- Harvey and Rabbit
- TV at a Glance
- Getting Started on TV
- TV Effectiveness
- TV Planning
- TV Toolbox
- TV Ad Galleries
- The Thinkboxes September/ October 2013
- View all the previous winners
- About the Awards
- The Thinkbox Academy
- How to Enter
- The Rules
- The Prize
- 3 great ads I had nothing to do with
- Case Studies
- Nickable Stuff
- Events and Training
- Hot Topics
- About Us
John Lewis The Long Wait
Thinkboxes Winner - November/December 2011
The winner of the November/December Thinkboxes award is John Lewis with ‘The Long Wait’. For Christmas 2011, the retailer wanted to continue its tradition of releasing a big television ad that would touch and inspire the nation.
The film tells the story of a young boy and his wait for Christmas morning. A version of the classic and compelling track Please, Please, Let Me Get What I Want, originally by The Smiths, is used on the ad, performed by singer-songwriter Slow Moving Millie.
The thought of ‘gifts you can’t wait to give’ was a heartwarming insight into the excitement of buying a present for a loved one. Craig Inglis, director of marketing at John Lewis, says the aim of the ad was to bring to life the retailer’s
proposition of being the place for buying thoughtful Christmas gifts, in a way that would connect with its customers emotionally.
‘The ad was rooted in a truth about what really matters at Christmas and that resonated with our core audience,’ he says. ‘Our challenge is to build on the success of this and other campaigns by continuing to be true to who we are, but to keep doing so in a fresh and innovative way.’
The TV campaign launched in November and, as expected, created an immediate buzz, in mainstream media and on social networking sites.
The John Lewis spot triumphed in the shortlist of ads shown in November and December, voted on by Thinkboxes Creative Academy of ad industry experts. Barnardo’s ‘Life Story’ came second while Avios’ ‘Fly’ claimed third place.
‘The ad was rooted in a truth about what really matters at Christmas and it resonated with our core audience’
Director of marketing,
Director of marketing,
- Client John Lewis
- Brief Create an ad that would touch and inspire a nation
- Ad agency Adam & Eve
- Creative team Matt Gay, John Long
- Production Blink Productions
- Director Dougal Wilson
Other ads on the podium
Barnardo’s Life Story
This ad demonstrates the impact Barnardo’s can have on a child’s life by depicting five episodes in the story of a man named Michael, who has been supported by the charity through years of abuse and difficulty. It starts with Michael explaining that he is doing well, has a girlfriend and a baby. The ad then cuts to scenes from earlier stages in his development – as an angry teen and, before that, a scared boy. The TV work was supported by outdoor and digital activity and the strategy was to target both existing and new supporters by illustrating the vital role that Barnardo’s can play – showing how a person’s life can be changed by positive intervention. The narrative was crafted for maximum emotional impact, inviting viewers to rethink their attitudes towards troubled children and young people, ending with the line: “It doesn’t have to end like it began. Join us to fight for a child’s future.”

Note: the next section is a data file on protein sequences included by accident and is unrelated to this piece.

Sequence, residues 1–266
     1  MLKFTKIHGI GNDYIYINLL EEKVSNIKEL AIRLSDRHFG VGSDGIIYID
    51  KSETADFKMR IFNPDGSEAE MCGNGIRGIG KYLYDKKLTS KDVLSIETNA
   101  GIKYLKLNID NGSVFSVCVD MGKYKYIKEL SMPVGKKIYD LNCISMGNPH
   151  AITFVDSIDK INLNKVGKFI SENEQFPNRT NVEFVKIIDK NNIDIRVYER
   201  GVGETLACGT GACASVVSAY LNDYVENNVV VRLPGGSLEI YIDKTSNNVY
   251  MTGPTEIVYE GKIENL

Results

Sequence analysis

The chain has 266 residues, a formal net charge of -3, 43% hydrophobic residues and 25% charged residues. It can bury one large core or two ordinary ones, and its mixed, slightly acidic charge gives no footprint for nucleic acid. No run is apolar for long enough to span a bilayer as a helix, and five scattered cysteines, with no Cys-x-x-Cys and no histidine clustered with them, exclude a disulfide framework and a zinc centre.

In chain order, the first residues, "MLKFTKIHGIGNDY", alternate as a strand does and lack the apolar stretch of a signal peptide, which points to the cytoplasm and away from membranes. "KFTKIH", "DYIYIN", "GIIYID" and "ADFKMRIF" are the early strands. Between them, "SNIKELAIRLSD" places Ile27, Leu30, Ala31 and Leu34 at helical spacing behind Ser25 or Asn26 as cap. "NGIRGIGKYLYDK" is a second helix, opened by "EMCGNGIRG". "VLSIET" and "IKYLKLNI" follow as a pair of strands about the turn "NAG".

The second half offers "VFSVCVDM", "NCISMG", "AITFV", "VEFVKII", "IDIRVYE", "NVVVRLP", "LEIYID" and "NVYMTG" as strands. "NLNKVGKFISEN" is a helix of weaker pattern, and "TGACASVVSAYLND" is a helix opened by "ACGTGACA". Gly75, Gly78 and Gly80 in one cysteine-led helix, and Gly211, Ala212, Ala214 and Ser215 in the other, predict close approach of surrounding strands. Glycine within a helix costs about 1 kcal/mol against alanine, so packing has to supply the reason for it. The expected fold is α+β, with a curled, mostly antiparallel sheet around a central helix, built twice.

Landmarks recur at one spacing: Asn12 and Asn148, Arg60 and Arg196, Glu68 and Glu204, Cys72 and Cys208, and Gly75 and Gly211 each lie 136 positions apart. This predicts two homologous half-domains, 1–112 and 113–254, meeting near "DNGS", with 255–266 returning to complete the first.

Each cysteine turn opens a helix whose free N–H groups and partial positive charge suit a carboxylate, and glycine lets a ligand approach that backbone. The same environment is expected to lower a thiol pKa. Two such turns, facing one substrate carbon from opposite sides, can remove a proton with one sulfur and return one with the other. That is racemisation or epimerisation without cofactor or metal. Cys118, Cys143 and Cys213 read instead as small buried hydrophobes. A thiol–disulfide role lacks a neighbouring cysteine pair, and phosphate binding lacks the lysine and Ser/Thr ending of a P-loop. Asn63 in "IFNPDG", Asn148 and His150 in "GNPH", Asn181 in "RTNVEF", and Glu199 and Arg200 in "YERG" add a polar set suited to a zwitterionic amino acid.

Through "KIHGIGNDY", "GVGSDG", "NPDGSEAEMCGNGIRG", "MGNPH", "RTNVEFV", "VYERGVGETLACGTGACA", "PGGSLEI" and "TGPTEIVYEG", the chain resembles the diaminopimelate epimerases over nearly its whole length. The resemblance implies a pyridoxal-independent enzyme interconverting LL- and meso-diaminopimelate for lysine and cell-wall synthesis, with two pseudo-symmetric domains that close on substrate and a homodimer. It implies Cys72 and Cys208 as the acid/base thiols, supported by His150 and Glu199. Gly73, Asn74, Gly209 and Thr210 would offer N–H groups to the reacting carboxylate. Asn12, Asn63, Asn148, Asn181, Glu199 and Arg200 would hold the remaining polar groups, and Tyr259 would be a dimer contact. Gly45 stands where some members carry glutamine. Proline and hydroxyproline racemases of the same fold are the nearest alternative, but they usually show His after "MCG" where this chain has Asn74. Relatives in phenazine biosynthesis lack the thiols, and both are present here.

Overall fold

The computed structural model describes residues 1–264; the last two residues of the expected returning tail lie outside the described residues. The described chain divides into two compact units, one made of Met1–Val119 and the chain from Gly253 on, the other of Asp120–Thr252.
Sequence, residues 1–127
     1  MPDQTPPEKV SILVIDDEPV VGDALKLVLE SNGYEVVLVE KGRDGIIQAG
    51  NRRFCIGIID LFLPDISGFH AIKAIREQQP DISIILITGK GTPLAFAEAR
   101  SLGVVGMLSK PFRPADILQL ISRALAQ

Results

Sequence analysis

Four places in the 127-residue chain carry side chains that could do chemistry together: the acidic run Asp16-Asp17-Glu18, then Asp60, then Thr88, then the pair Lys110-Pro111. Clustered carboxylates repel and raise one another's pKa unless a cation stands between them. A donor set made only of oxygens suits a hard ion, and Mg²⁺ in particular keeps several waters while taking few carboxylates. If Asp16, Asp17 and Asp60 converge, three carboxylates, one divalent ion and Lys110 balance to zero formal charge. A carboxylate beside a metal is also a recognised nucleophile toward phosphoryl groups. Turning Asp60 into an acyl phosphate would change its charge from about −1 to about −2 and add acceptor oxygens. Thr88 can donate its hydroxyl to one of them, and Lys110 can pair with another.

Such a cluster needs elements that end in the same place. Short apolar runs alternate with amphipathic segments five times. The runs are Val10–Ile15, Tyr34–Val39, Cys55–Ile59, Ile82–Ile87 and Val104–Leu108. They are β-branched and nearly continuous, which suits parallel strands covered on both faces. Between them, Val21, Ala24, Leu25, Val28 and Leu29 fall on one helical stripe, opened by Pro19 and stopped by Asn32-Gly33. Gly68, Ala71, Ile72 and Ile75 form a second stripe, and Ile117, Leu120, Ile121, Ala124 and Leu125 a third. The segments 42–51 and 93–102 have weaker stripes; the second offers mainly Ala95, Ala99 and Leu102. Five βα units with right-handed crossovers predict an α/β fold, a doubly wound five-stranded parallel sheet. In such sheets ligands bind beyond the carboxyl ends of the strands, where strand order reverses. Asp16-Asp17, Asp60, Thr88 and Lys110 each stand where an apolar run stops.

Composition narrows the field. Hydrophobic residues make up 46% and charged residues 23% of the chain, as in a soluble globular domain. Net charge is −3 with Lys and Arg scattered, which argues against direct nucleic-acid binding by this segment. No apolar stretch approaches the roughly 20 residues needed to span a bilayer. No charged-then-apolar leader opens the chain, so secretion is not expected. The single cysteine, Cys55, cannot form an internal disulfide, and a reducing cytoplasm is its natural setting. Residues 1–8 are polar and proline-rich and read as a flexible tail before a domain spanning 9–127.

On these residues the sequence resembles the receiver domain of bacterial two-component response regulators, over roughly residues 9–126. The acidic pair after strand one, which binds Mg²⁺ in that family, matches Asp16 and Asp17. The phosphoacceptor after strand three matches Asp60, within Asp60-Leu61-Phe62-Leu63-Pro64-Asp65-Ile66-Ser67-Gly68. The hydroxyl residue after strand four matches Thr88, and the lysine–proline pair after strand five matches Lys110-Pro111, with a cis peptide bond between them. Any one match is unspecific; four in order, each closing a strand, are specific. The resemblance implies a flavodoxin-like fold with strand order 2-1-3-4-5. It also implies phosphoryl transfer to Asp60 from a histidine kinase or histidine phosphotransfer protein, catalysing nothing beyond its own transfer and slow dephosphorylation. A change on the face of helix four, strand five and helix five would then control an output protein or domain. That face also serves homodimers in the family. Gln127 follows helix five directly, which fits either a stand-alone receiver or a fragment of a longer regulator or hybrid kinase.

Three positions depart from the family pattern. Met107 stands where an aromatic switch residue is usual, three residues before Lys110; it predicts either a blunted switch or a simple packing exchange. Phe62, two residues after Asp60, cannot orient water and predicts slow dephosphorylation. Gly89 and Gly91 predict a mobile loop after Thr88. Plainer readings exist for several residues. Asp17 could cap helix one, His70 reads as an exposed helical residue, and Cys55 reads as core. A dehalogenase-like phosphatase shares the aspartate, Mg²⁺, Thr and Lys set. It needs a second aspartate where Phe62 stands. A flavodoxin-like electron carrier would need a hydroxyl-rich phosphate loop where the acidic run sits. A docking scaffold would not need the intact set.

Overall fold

Avios Anything Can Fly
Following the merger of British Airways and the Spanish airline Iberia, the familiar and long-established Air Miles brand had to be retired (the name was registered only in the UK) and the travel rewards scheme renamed as Avios. In this commercial, which was the centrepiece of a relaunch campaign, the brief was to show how everyday purchases through Avios collection partners can enable customers to get great-value travel rewards. To a soundtrack of Underwaters, by Leila Arab, we see familiar household appliances taking off and flying. This was achieved not by special effects but by the use of radio-controlled model helicopters (a “making of” video, showcasing the ingenious efforts of the agricultural engineer Rupert Brandon-King, was posted on YouTube). The goal of the ad was to tap into the universal human truth that we associate the feeling of flying with freedom and possibility.
Also shortlisted for November/December 2011
Boots The Ultimatum
Boots continued to develop its highly successful “here come the girls” theme for its 2011 TV Christmas campaign, which highlighted, with customary comedic deftness, the central role that women tend to play in making sure the festive season actually happens. Showcased as Christmas action heroines, the girls are seen combining to form a crack “special ops” team, transforming their neighbourhood from a sleepy suburban street into a winter wonderland with speed, skill, glamour and tongue-in-cheek panache. We also see them on undercover shopping missions to find just the right gift, then throwing themselves into marathon present-wrapping sessions. Boots wanted to celebrate the fact that, whether they’re making the home all Christmassy or simply making themselves look gorgeous, women put the sparkle into the festive season for all of us.
This spot promotes the launch of HTC’s new handset, the Sensation XL, which features the company’s proprietary Beats Audio system – and it focuses on the powerful sound quality that comes from the combination of urBeats headphones and integrated Beats Audio software. The camera follows a girl journeying through a city at night – and, thanks to the new handset, she acquires the ability to make everything she touches pulsate and vibrate in time to the rhythm of the ad’s soundtrack, Holloback by Sebastian. She picks up a glass of water and the liquid’s surface turns turbulent; then a body-builder she sits next to on the Underground finds his muscles beginning to ripple in unusual ways. Even a white rabbit in a pet shop begins to swell and pulse alarmingly. It all combines to illustrate the proposition that, with the Sensation XL, you can “feel every single beat”.